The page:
Feast with the Too Fat Chef

By Kirstin Buick
17 September 2013

Albert Buitenhuis, also known as the Too Fat Chef, was in the news recently when he was almost deported from New Zealand because of his weight. He’ll be blogging for us about food that’s close to his heart – and it’s definitely not diet food! This week: aïoli, or French garlic mayonnaise.

Many of you have probably heard about the “fat chef” who weighs too much to unconditionally live in New Zealand. That’s me. I love lekker cooking, I earn a living with lekker cooking and I’d also like to do some lekker cooking with you.

First, quickly, the formalities: I was born in Pretoria on 15 January 1963. My weight, height and medical deficiencies by now are known across the globe thanks to hiccups with immigration authorities so I won’t bore you with that. I live and work as a chef in Christchurch and I’m married to dear Marthie. She and my customers in the restaurant will test-run all my culinary efforts before I share them with you in this blog.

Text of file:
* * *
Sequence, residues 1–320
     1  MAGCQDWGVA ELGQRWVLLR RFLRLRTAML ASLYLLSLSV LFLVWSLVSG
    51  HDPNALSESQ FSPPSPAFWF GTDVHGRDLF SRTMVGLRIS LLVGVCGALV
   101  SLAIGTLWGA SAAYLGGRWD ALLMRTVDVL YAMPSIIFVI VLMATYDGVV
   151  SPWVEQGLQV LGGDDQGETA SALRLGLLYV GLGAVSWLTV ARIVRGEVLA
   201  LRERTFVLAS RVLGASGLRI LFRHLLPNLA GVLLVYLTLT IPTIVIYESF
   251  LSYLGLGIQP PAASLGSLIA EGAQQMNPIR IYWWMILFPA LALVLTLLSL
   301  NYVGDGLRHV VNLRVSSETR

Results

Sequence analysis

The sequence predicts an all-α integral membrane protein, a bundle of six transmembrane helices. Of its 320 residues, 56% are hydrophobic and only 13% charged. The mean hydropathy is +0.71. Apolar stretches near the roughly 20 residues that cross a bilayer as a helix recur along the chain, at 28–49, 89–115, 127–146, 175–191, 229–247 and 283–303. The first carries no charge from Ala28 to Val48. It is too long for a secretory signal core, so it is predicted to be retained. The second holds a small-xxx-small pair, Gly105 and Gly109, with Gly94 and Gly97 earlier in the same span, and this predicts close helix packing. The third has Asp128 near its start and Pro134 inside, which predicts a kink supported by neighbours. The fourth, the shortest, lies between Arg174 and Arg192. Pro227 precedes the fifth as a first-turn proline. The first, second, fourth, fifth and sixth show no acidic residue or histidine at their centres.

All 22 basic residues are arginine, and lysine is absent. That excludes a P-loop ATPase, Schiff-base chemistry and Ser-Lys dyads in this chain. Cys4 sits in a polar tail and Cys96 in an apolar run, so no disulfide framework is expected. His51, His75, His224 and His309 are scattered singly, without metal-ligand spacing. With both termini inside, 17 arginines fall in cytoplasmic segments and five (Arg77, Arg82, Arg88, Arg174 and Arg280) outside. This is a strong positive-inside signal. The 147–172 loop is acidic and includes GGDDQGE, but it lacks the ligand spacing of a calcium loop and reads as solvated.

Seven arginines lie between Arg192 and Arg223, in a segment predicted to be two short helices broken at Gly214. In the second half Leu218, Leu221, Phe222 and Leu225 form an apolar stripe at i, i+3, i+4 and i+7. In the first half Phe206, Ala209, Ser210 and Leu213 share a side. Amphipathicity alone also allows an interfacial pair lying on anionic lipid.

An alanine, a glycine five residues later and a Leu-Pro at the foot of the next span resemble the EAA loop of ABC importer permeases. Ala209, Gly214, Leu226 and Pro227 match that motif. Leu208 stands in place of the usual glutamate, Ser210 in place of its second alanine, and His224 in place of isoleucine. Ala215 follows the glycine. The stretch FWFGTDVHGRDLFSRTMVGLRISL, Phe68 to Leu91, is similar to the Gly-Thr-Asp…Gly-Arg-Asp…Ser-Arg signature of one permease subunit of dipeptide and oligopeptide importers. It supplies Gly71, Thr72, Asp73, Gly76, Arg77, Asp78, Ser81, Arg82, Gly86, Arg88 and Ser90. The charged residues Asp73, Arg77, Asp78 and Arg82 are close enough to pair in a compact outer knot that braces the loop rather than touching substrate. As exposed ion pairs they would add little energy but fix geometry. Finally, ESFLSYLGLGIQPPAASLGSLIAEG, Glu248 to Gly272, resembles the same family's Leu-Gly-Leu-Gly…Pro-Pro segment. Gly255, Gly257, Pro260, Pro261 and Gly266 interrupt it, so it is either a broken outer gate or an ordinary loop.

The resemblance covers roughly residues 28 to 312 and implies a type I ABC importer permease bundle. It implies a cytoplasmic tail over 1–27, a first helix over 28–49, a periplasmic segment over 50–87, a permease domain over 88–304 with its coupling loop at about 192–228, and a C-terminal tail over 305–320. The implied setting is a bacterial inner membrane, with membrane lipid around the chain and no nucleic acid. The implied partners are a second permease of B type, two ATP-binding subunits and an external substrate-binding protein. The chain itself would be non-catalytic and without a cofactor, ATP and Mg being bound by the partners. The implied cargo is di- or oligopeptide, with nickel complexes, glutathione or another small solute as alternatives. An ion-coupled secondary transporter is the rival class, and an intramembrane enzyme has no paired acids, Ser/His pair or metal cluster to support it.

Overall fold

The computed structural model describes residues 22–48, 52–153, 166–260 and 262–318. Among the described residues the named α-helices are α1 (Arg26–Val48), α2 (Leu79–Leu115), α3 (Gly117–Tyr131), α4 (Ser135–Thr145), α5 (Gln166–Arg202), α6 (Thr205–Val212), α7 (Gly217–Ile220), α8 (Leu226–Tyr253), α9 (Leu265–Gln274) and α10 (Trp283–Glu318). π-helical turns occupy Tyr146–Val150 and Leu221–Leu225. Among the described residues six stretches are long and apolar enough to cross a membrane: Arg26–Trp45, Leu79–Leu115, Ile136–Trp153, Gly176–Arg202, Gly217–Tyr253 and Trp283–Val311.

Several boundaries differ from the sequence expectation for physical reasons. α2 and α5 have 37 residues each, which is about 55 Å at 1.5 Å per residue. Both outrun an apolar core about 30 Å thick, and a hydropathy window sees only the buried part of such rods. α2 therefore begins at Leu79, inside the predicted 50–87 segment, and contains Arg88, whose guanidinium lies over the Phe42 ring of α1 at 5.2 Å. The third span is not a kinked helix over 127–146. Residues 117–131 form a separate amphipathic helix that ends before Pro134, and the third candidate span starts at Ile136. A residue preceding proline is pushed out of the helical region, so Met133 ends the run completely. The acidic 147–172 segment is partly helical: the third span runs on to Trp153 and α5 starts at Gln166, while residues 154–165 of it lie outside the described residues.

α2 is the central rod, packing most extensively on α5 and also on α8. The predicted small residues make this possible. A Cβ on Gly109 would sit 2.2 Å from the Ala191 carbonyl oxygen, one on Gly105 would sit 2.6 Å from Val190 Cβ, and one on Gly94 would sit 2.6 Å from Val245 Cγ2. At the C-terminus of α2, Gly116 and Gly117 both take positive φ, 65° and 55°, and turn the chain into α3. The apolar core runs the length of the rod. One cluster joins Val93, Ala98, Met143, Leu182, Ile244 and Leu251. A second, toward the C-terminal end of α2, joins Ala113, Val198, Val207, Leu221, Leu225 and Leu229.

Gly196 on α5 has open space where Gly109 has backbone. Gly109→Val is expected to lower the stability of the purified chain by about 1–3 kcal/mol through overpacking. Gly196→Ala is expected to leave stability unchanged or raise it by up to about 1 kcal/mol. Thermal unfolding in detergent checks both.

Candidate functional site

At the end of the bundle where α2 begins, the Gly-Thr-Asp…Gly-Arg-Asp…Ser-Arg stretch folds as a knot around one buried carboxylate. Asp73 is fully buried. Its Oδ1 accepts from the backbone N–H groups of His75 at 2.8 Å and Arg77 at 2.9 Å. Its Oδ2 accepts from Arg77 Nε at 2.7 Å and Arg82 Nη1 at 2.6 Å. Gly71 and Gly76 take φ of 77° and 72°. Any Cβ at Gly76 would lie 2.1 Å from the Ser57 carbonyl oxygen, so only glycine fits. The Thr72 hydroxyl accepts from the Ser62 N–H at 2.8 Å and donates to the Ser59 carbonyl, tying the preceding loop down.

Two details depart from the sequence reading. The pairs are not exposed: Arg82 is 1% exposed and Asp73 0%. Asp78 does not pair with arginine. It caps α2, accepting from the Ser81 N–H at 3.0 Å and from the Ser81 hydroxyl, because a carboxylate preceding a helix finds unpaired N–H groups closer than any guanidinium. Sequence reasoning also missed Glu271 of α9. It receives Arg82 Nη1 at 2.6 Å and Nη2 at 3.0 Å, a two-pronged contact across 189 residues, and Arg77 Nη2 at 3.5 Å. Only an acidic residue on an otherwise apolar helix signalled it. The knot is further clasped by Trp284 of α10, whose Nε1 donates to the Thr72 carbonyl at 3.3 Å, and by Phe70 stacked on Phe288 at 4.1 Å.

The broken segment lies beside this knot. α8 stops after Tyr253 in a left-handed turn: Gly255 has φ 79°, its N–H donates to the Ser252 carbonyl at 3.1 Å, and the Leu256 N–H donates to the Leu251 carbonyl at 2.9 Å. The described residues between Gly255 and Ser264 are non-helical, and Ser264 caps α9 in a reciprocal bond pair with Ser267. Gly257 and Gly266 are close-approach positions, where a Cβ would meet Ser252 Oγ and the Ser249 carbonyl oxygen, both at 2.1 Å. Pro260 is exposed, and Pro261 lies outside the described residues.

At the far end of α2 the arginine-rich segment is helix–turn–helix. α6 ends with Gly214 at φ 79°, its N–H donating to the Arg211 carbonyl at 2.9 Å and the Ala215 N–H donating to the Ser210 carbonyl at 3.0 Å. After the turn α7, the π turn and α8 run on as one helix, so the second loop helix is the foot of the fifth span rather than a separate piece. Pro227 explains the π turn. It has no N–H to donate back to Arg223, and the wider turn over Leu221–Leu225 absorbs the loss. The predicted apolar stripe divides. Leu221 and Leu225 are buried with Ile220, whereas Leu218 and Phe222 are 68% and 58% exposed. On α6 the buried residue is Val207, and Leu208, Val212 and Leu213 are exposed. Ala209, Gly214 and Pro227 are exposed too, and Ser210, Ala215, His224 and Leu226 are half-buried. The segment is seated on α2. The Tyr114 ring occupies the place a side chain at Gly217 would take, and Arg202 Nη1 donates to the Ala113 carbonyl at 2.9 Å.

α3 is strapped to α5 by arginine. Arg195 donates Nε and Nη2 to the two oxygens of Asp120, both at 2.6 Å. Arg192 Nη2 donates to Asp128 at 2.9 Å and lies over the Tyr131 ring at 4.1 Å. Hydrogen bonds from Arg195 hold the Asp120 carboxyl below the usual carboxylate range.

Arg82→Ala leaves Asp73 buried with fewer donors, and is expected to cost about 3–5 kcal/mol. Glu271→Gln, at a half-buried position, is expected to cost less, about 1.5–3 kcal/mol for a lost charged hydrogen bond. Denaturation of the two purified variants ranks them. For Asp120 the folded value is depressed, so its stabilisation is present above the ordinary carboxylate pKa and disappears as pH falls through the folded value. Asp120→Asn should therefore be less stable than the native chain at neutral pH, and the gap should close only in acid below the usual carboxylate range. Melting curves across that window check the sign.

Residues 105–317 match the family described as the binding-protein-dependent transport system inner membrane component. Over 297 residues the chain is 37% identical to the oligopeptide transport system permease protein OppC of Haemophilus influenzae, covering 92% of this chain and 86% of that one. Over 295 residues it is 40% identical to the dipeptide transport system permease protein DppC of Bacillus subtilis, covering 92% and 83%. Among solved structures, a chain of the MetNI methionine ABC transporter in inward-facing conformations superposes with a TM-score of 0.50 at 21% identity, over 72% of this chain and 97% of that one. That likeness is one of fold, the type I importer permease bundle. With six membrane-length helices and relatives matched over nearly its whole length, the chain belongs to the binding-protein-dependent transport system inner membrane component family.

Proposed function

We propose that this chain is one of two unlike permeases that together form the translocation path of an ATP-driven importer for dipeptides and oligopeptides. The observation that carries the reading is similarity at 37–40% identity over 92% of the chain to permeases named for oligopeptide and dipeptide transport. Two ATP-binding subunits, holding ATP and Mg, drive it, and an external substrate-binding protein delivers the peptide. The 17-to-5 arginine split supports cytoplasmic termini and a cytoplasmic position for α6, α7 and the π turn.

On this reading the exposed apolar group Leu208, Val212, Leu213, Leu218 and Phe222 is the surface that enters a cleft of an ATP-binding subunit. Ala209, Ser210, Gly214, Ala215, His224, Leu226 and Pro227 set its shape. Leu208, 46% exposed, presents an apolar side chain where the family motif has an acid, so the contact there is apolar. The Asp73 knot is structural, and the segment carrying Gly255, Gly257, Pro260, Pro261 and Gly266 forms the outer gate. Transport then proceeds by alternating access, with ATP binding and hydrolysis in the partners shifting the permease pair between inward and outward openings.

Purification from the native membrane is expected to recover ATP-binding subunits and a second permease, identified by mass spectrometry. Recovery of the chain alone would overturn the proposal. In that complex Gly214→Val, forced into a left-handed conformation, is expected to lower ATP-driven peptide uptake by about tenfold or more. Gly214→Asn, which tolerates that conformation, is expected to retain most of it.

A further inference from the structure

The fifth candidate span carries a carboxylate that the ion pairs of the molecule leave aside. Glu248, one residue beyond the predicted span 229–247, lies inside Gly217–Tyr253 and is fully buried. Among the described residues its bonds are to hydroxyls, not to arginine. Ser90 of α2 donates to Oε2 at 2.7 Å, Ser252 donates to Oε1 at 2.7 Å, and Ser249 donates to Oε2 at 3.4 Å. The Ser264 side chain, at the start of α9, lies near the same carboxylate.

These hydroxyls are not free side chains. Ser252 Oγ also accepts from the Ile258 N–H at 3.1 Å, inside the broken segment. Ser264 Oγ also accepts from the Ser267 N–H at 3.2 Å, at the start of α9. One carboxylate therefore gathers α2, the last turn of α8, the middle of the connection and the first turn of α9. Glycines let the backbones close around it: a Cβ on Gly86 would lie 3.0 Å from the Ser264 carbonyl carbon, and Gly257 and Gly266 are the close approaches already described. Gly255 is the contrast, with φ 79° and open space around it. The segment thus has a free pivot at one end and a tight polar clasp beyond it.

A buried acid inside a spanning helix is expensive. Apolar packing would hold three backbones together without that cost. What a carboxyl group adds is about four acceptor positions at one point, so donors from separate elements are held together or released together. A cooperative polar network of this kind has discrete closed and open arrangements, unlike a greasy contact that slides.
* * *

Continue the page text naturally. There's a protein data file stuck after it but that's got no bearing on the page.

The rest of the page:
People have asked, in light of my visa dilemma, why I am not focusing on more healthy dishes. It’s a good question but here’s the truth: Diet food isn’t me – and never will be me. I can supply you with loads of healthy recipes (all coming from other people) that might help you to shed some weight. But I can’t promise that it would give you much culinary happiness. Therefore I prefer to stick to food that matters to me.

The thing is I’m a big chap, I was born big, and I’ll probably stay on the big side – although it seems I might have to die slightly slimmer now. But I’m also a professional chef and I’m expected to produce food that will keep people coming back to our restaurant. If in the process cream or butter is consumed, that will have to be faced as a fact of life. My job is to get the lower part of people’s backs on seats in our restaurant.

There are two things about cookery that causes me pain in the lower part of my own back. One of them is diet food, and the other is fine dining. Those of us who call ourselves chefs are supposed to rustle up food in ways that cause others to do a little happy dance in excitement.